Big Data Overview

GUPTA, Gagan       Posted by GUPTA, Gagan
      Published: June 23, 2021
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What is Big Data?

In very simple terms, Big data is data that exceeds the processing capacity of traditional databases. The data is too big to be processed by a single machine. New and innovative methods are required to process and store such large volumes of data.

Big data is a blanket term for the non-traditional strategies and technologies needed to gather, organize, process, and gather insights from large datasets. It is a combination of structured, semistructured and unstructured data collected by organizations that can be mined for information and used in machine learning projects, predictive modeling and other advanced analytics applications.

Why Every Organization May Need Big Data Strategy?

Despite the hype, many organizations don't realize they have a big data problem or they simply don't think of it in terms of big data. In general, an organization is likely to benefit from big data technologies when existing databases and applications can no longer scale to support sudden increases in volume, variety, and velocity of data.

Failure to correctly address big data challenges can result in escalating costs, as well as reduced productivity and competitiveness. On the other hand, a sound big data strategy can help organizations reduce costs and gain operational efficiencies by migrating heavy existing workloads to big data technologies; as well as deploying new applications to capitalize on new opportunities.

Characteristics of Big Data

In 2001, Gartner's Doug Laney first presented what became known as the 'three Vs of big data' to describe some of the characteristics that make big data different from other data processing:

Volume Ranges from terabytes to petabytes of data. Often, because the work requirements exceed the capabilities of a single computer, this becomes a challenge of pooling, allocating, and coordinating resources from groups of computers.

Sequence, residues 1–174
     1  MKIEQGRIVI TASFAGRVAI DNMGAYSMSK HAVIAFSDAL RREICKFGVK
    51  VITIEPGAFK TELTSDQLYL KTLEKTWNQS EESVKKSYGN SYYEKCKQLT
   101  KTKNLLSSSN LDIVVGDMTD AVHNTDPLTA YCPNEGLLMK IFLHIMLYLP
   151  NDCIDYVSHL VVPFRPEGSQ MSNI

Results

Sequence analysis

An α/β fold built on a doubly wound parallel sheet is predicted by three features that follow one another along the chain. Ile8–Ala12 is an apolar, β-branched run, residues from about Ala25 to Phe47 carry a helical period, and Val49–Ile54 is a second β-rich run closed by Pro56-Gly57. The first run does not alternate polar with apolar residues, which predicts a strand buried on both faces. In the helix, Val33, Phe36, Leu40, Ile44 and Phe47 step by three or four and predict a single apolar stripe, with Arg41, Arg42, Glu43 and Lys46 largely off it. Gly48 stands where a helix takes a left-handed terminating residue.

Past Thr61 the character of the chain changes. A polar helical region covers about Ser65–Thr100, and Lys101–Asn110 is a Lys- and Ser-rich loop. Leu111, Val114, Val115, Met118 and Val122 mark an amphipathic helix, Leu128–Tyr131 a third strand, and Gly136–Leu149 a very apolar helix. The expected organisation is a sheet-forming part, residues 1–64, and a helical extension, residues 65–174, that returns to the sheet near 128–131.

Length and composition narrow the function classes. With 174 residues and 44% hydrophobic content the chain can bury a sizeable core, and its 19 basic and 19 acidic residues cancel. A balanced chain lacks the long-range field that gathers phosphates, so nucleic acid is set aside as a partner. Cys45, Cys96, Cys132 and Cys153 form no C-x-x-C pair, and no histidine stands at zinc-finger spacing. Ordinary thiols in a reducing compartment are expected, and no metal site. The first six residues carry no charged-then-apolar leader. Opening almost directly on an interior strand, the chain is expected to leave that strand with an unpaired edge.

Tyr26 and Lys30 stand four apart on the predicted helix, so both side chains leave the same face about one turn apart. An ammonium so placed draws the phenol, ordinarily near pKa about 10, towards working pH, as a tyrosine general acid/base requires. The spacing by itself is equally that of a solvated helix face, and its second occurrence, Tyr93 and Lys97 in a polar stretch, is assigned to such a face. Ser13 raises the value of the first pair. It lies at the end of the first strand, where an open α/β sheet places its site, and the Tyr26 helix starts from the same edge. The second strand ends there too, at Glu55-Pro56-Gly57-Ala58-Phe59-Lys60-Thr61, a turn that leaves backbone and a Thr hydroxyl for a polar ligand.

Velocity Increasingly, businesses have stringent requirements from the time data is generated, to the time actionable insights are delivered to the users. Data is constantly being added, massaged, processed, and analyzed in order to keep up with the influx of new information and to surface valuable information early when it is most relevant. Therefore, data needs to be collected, stored, processed, and analyzed within relatively short windows - ranging from daily to real-time

Variety Data can be ingested from internal systems like application and server logs, from social media feeds and other external APIs, from physical device sensors, and from other providers. Big data seeks to handle potentially useful data regardless of where it's coming from by consolidating all information into a single system.

Veracity It refers to the degree of accuracy in data sets and how trustworthy they are. Raw data collected from various sources can cause data quality issues that may be difficult to pinpoint. If they aren't fixed through data cleansing processes, bad data leads to analysis errors that can undermine the value of business analytics initiatives

Variability Variation in the data leads to wide variation in quality. Additional resources may be needed to identify, process, or filter low quality data to make it more useful.

Value Not all the data that's collected has real business value or benefits. As a result, organizations need to confirm that data relates to relevant business issues before it's used in big data analytics projects. Sometimes, the systems and processes in place are complex enough that using the data and extracting actual value can become difficult.

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Big Data Overview
Big Data Overview

What Does a Big Data Life Cycle Look Like?

In most cases, big data processing involves a common data flow - from collection of raw data to consumption of actionable information.

Ingesting data into the system. Collecting the raw data - transactions, logs, mobile devices and more - is the first challenge many organizations face when dealing with big data. A good big data platform makes this step easier, allowing developers to ingest a wide variety of data - from structured to unstructured - at any speed - from real-time to batch.